The Senate jury pool is tainted

The Senate jury pool is tainted
© The White House

Should the House impeach the president, the Senate is then charged with conducting a trial presided over by the chief justice of the Supreme Court and heard and judged by all 100 United States senators.

The first thing Democrats are eager to remind the American people is that if there is a trial for removal of the president, he is not entitled to the same rights, privileges and protocols as a criminal defendant. They claim It would be a political trial with no jeopardy of life or liberty for the president. That doesn’t seem right or just.

The removal of a president should not be about stripping him (or her) of due process or procedural or substantive due process, it should be on par with the rights afforded every American — especially considering that removing a president is akin to depriving Americans of their right to select a president and the term they elected him to serve.

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Jurors are supposed to be free from prejudice and predisposition towards the accused and the evidence.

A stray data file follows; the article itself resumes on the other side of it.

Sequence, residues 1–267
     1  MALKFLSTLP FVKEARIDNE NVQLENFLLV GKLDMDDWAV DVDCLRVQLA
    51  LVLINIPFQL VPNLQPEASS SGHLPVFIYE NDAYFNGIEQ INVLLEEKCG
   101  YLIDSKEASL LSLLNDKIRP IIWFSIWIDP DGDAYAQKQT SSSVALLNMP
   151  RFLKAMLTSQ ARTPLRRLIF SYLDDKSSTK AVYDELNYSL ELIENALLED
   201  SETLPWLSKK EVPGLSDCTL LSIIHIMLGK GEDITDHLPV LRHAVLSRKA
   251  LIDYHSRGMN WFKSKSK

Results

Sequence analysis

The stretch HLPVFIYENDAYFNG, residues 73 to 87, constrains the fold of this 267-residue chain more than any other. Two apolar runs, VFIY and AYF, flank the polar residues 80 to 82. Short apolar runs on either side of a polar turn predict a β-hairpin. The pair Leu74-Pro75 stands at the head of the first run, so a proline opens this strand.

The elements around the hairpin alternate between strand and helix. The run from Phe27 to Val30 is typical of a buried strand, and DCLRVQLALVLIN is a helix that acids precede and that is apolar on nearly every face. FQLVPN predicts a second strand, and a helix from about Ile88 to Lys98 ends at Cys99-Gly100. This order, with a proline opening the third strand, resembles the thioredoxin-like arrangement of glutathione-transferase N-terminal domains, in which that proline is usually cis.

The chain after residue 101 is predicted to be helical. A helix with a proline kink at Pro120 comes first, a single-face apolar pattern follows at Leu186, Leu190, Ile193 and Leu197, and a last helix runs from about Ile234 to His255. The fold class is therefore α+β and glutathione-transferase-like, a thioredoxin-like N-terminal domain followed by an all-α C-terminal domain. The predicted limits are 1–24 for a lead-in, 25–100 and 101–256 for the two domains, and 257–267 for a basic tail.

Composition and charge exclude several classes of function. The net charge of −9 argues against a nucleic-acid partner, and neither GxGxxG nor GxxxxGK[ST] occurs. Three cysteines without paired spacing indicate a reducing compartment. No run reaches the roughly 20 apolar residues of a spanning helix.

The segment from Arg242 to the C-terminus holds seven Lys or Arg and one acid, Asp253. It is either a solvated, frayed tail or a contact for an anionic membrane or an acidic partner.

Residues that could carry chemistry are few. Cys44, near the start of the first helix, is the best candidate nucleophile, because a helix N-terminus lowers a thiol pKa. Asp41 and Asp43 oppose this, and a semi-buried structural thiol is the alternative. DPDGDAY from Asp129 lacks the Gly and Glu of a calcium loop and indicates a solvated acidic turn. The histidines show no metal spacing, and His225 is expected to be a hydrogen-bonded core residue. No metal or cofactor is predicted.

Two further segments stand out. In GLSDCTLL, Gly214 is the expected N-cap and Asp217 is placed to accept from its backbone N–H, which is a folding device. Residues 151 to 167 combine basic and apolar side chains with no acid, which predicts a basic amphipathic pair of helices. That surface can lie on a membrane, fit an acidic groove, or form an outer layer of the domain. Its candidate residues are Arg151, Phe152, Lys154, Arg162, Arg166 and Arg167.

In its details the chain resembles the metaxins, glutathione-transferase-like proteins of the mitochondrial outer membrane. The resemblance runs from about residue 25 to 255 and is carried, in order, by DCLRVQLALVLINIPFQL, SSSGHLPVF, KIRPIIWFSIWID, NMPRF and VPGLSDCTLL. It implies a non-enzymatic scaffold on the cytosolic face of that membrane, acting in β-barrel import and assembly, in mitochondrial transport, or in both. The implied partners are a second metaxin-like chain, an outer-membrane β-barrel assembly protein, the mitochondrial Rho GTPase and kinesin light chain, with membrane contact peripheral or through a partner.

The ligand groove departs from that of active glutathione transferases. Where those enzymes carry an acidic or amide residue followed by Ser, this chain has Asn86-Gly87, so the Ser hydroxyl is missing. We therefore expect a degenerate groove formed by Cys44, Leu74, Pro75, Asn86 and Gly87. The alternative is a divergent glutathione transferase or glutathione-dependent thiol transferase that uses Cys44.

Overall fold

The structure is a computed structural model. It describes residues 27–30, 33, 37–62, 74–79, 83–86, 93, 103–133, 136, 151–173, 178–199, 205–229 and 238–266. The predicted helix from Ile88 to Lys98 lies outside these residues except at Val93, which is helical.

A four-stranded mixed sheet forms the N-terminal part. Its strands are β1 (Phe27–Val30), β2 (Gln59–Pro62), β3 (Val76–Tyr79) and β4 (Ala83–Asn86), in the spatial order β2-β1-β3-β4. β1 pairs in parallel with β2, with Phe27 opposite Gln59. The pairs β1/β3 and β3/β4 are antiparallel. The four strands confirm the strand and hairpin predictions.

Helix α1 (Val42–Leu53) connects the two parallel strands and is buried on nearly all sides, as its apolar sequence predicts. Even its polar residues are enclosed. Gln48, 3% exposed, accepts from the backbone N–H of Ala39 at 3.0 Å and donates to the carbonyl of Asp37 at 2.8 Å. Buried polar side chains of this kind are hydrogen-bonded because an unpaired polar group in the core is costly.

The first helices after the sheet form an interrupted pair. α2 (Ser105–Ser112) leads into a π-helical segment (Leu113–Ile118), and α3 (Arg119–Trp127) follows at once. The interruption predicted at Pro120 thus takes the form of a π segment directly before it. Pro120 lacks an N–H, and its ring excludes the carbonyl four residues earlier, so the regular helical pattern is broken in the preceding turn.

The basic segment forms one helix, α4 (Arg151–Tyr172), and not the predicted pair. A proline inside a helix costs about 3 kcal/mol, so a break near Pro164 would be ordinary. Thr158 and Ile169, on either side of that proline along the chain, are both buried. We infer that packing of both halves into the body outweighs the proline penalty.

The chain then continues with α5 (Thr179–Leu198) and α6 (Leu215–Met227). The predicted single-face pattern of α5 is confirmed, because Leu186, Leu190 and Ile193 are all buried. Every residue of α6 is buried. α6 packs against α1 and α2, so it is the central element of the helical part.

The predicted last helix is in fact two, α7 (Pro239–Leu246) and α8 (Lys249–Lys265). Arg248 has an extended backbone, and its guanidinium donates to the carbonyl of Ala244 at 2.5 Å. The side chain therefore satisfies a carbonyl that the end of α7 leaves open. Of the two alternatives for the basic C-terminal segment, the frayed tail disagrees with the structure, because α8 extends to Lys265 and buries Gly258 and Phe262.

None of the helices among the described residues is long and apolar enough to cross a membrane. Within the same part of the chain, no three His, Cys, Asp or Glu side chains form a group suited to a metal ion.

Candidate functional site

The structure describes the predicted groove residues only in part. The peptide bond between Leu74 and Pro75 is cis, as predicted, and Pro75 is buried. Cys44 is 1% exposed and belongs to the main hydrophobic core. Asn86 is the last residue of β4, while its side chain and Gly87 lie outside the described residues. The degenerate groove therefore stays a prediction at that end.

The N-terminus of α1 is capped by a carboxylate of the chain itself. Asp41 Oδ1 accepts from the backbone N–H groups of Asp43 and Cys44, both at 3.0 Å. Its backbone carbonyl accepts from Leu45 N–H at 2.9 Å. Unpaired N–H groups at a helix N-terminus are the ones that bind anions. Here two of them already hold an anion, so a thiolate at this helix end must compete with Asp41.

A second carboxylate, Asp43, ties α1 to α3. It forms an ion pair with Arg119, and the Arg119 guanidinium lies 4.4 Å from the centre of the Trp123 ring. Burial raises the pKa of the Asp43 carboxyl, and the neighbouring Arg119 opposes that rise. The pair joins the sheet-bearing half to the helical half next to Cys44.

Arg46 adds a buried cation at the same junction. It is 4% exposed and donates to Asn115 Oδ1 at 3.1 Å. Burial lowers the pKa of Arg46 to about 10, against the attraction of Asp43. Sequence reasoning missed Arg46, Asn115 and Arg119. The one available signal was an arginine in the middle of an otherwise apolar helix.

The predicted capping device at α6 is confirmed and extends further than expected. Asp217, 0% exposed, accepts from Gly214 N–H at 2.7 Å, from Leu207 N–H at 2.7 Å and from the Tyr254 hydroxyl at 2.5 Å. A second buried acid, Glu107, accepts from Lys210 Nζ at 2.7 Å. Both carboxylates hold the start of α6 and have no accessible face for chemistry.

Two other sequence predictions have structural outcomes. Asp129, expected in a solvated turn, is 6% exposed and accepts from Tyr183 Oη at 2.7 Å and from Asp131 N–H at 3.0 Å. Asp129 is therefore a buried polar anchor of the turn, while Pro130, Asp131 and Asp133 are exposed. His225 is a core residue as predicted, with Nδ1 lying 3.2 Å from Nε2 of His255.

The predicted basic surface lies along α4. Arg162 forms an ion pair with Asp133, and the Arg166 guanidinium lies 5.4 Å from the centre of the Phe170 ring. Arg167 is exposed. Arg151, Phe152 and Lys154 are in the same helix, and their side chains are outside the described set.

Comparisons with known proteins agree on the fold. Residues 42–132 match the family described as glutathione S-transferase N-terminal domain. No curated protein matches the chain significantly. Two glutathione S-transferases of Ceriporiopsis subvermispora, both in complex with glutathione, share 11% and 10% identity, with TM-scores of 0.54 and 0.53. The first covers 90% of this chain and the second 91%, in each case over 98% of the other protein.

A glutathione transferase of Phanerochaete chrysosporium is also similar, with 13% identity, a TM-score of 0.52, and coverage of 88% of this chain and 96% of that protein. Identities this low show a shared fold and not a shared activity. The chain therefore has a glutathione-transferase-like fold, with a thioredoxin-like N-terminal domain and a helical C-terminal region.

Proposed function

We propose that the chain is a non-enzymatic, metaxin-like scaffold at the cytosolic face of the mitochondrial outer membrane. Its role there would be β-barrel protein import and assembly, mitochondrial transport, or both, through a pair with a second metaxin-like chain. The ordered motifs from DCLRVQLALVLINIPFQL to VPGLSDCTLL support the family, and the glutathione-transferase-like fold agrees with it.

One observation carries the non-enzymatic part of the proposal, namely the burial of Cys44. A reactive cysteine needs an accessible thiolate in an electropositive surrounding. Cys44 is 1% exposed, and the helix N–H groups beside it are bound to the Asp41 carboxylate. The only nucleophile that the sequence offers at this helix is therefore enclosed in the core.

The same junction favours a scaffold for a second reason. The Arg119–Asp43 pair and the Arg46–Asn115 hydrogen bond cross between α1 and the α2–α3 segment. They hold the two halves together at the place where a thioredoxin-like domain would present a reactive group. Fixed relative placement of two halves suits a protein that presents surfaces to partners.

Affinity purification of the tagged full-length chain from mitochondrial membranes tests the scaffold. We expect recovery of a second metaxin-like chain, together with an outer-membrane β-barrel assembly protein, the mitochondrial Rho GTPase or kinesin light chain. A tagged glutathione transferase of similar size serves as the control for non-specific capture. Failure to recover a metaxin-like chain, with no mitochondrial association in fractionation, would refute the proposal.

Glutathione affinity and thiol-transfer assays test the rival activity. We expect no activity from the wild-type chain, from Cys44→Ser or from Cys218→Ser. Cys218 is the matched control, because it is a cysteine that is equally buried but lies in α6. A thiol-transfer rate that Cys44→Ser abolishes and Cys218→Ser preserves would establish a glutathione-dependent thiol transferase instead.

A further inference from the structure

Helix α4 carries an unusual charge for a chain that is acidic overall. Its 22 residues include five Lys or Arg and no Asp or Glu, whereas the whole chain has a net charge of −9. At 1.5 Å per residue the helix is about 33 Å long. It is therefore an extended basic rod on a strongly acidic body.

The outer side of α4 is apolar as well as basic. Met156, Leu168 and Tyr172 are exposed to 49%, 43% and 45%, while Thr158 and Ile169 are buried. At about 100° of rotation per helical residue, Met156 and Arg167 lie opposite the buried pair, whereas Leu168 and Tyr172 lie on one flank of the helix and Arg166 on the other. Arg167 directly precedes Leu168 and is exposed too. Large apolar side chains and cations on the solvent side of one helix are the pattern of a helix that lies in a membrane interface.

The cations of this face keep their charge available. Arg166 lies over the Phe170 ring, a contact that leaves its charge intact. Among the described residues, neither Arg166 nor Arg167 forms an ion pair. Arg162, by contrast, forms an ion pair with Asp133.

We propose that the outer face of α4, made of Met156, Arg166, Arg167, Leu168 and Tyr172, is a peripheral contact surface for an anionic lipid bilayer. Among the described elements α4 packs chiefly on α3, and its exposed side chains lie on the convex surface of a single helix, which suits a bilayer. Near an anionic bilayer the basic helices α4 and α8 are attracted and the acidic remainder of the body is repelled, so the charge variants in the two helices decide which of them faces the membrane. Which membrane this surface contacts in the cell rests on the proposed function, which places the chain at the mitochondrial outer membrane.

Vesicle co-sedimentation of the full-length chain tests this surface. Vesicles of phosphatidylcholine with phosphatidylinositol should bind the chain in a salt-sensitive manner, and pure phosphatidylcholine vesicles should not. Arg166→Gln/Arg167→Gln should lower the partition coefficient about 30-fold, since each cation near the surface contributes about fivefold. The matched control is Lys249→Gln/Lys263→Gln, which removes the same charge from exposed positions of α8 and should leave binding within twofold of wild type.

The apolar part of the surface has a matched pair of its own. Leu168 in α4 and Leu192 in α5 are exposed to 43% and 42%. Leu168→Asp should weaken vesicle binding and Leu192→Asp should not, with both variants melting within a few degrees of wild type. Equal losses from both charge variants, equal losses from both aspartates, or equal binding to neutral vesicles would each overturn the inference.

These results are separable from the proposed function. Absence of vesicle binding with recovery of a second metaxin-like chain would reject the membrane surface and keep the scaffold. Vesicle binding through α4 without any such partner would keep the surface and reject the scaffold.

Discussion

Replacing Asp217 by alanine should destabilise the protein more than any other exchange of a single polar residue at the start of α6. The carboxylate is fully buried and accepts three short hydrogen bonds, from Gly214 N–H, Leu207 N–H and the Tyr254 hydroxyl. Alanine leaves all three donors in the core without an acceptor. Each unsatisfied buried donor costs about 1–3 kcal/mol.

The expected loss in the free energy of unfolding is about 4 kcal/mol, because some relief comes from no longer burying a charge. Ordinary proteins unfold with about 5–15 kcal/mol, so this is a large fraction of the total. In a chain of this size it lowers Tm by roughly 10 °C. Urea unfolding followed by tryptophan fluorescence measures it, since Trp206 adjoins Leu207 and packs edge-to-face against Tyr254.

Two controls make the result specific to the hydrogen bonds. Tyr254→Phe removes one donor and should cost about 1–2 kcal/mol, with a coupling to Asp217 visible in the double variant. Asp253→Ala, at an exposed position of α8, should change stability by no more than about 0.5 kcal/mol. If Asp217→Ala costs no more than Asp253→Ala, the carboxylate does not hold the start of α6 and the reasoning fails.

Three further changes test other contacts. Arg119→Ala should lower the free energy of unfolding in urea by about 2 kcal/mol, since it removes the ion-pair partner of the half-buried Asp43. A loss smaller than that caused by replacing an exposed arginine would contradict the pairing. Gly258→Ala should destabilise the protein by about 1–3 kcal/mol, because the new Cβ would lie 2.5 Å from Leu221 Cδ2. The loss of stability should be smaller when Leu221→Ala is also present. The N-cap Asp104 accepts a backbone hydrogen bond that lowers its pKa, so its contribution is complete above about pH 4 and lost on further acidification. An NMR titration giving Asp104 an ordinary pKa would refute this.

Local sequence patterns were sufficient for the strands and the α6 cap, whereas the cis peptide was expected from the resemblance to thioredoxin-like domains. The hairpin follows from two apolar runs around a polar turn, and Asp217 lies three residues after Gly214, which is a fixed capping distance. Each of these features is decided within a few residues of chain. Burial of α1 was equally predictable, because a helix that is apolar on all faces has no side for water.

Of the 100 United States senators who will sit in judgment, six have a vested interest in conviction — since they hope to be running against the president they’d be sitting in judgment of. Sens. Elizabeth WarrenElizabeth Ann WarrenThe Hill's Morning Report - Sponsored by AdvaMed - House panel expected to approve impeachment articles Thursday Warren, Buttigieg duke it out in sprint to 2020 The Memo: Pelosi-Trump trade deal provokes debate on left MORE (D-Mass.), Michael BennetMichael Farrand BennetTrump trade deal likely to sow division in Democratic presidential field Schumer to colleagues running for White House: Impeachment comes first Sanders urges impeachment trial 'quickly' in the Senate MORE (D-Colo.), Cory BookerCory Anthony BookerThe Hill's Morning Report - Sponsored by AdvaMed - House panel expected to approve impeachment articles Thursday Julián Castro jabs ICE: 'Delete your account' Booker campaign unveils bilingual training program for Nevada caucus MORE (D-N.J.), Kamala HarrisKamala Devi HarrisThe Hill's Morning Report - Sponsored by AdvaMed - House panel expected to approve impeachment articles Thursday Julián Castro jabs ICE: 'Delete your account' Pelosi endorses Christy Smith in bid to replace Katie Hill MORE (D-Calif.), Amy KlobucharAmy Jean KlobucharThe Hill's Morning Report - Sponsored by AdvaMed - House panel expected to approve impeachment articles Thursday Democrats seek leverage for trial Horowitz offers troubling picture of FBI's Trump campaign probe MORE (D-Minn.) and Bernie SandersBernie SandersThe Hill's Morning Report - Sponsored by AdvaMed - House panel expected to approve impeachment articles Thursday Warren, Buttigieg duke it out in sprint to 2020 The Memo: Pelosi-Trump trade deal provokes debate on left MORE (I-Vt.) are all running to remove President Donald Trump on Election Day in 2020. Yet they may get the opportunity to do it sooner by voting for his removal in a Senate impeachment trial.